Contributed by: epsomandewelllhc
People in story: Eileen Trent nee Moore
Location of story: Whitstable
Background to story: Civilian
Article ID: A2945234
Contributed on: 25 August 2004
The author of this story has understood the rules and regulations of the site and has agreed that his story can be entered on the People’s War web site.
I lived in Whitstable and in 1939 I was twelve. I was in church on September 3rd when the Vicar announced from the pulpit that was declared. On the way home, when we met a lady who told my sister and I to run home quickly as though she was expecting bombs to be dropped straight away.
When raids did come, the first place we made for was under the stairs. After a while we had a Morrison shelter which was in the form of a table.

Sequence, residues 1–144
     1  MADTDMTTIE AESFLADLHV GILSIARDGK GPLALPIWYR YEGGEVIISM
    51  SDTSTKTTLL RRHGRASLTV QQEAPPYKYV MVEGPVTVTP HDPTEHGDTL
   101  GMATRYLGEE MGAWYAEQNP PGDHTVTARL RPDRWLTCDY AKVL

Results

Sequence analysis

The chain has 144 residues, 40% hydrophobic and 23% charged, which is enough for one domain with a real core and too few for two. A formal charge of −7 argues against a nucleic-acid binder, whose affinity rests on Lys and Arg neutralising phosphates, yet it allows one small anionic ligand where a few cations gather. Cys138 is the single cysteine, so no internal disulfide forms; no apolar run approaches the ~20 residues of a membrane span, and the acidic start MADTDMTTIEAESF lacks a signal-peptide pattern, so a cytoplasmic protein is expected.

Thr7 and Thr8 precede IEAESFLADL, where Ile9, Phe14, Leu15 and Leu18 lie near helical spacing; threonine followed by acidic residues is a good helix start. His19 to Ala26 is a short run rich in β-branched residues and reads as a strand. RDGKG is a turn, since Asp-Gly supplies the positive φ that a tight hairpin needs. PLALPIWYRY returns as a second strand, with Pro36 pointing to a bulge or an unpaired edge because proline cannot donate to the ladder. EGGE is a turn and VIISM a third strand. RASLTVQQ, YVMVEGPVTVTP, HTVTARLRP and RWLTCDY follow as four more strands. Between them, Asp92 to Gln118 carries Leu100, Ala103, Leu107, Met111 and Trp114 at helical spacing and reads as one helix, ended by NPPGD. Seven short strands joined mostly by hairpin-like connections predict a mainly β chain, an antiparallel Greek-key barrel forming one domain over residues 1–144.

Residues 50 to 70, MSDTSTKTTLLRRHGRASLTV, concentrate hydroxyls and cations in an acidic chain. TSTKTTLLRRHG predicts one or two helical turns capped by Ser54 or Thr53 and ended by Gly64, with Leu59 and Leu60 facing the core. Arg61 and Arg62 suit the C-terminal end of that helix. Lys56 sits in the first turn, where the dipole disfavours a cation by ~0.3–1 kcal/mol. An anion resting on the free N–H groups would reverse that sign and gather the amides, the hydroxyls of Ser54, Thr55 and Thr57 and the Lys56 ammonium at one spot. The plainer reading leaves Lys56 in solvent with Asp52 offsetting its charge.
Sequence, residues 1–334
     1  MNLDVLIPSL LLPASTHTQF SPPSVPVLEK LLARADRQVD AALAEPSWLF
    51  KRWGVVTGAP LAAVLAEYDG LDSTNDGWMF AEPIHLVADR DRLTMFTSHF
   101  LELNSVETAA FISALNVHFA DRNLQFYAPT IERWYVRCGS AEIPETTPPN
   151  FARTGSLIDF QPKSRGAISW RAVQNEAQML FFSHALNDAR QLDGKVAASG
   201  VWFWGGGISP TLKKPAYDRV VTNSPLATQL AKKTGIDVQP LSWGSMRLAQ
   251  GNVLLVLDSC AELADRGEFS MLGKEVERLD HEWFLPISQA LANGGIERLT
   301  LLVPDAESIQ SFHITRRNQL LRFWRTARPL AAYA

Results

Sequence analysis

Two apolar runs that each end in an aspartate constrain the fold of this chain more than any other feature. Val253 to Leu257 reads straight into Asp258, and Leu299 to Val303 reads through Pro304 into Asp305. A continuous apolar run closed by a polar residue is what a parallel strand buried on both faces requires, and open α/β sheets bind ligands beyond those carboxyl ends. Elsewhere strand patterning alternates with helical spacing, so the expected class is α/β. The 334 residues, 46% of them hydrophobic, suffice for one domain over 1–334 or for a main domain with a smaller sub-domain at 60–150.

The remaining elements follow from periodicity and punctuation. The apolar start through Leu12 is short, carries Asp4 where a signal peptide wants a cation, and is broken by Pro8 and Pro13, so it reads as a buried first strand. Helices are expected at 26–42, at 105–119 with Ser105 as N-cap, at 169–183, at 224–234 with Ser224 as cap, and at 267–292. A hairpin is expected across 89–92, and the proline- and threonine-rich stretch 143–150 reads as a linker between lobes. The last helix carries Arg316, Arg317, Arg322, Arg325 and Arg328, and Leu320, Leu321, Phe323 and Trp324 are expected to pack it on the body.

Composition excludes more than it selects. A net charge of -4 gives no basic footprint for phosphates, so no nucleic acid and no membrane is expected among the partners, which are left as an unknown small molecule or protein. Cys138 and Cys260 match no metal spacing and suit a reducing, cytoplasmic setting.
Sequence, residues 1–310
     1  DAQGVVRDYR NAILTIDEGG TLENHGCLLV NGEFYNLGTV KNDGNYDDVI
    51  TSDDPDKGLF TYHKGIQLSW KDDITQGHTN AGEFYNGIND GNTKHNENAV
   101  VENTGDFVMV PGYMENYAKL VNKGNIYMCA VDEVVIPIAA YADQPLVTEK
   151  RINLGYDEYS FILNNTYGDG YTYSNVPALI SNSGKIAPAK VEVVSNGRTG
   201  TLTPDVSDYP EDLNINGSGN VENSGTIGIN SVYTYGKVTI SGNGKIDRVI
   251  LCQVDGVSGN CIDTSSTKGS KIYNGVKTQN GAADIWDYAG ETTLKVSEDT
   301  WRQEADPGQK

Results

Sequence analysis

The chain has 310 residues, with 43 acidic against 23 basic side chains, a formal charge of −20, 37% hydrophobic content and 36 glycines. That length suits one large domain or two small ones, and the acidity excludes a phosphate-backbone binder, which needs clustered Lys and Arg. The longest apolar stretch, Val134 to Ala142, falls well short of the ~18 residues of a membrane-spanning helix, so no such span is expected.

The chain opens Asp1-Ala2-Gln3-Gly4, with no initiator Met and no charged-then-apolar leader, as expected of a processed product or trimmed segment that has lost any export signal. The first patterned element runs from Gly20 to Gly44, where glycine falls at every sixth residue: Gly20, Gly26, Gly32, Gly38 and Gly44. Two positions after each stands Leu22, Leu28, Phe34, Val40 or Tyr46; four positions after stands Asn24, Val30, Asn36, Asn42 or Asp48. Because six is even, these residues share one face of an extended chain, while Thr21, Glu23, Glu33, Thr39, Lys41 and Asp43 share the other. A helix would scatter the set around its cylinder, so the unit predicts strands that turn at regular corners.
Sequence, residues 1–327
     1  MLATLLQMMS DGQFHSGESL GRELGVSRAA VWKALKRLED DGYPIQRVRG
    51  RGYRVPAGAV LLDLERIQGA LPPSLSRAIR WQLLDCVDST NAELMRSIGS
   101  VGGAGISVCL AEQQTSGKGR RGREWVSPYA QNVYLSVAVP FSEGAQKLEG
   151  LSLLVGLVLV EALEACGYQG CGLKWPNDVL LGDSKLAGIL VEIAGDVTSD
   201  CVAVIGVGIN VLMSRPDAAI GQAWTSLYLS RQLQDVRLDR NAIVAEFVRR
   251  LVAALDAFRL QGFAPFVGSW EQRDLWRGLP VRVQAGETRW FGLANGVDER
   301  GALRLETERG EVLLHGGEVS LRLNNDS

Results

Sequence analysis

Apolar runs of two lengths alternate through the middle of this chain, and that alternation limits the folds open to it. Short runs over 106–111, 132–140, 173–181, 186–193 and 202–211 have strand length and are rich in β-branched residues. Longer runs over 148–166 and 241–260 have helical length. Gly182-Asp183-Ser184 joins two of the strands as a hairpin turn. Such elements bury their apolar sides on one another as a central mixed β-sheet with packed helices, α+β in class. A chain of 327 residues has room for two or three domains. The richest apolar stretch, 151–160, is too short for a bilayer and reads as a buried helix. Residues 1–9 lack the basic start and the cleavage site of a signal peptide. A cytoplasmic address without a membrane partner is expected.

During the Battle of Britain we had a front line view of a lot of the dogfights between Fighter Command and the Luftwaffe. Living on the coast, quite a few of the bombs fell into the sea, and even on their way home, the Germans would drop any bombs left.
Rationing did not really affect us a family; we seemed to manage perfectly well. In fact, I gave my sweet ration to my best friend.
WW2 People’s War is an online archive of wartime memories contributed by members of the public and gathered by the BBC. The archive can be found at bbc.co.uk/ww2peopleswar. This contribution is published here under the ‘Fair dealing policy’. Copyright remains with the contributor.